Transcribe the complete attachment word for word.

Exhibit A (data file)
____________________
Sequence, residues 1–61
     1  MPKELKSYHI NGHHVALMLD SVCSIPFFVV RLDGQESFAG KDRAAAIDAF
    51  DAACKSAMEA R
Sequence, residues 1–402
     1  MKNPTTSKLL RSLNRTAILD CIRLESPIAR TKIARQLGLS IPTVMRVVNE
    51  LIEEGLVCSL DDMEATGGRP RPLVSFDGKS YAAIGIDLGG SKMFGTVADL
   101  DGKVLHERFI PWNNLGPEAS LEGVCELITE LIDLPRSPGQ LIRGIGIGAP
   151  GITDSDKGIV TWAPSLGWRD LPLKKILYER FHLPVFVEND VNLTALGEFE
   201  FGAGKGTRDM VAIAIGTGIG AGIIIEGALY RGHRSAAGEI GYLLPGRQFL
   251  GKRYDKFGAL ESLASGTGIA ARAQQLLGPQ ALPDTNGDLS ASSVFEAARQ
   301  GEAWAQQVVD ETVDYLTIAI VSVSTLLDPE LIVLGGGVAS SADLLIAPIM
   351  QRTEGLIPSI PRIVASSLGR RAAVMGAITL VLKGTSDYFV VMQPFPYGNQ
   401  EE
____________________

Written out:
Sequence, residues 1–61
     1  MPKELKSYHI NGHHVALMLD SVCSIPFFVV RLDGQESFAG KDRAAAIDAF
    51  DAACKSAMEA R
Sequence, residues 1–402
     1  MKNPTTSKLL RSLNRTAILD CIRLESPIAR TKIARQLGLS IPTVMRVVNE
    51  LIEEGLVCSL DDMEATGGRP RPLVSFDGKS YAAIGIDLGG SKMFGTVADL
   101  DGKVLHERFI PWNNLGPEAS LEGVCELITE LIDLPRSPGQ LIRGIGIGAP
   151  GITDSDKGIV TWAPSLGWRD LPLKKILYER FHLPVFVEND VNLTALGEFE
   201  FGAGKGTRDM VAIAIGTGIG AGIIIEGALY RGHRSAAGEI GYLLPGRQFL
   251  GKRYDKFGAL ESLASGTGIA ARAQQLLGPQ ALPDTNGDLS ASSVFEAARQ
   301  GEAWAQQVVD ETVDYLTIAI VSVSTLLDPE LIVLGGGVAS SADLLIAPIM
   351  QRTEGLIPSI PRIVASSLGR RAAVMGAITL VLKGTSDYFV VMQPFPYGNQ
   401  EE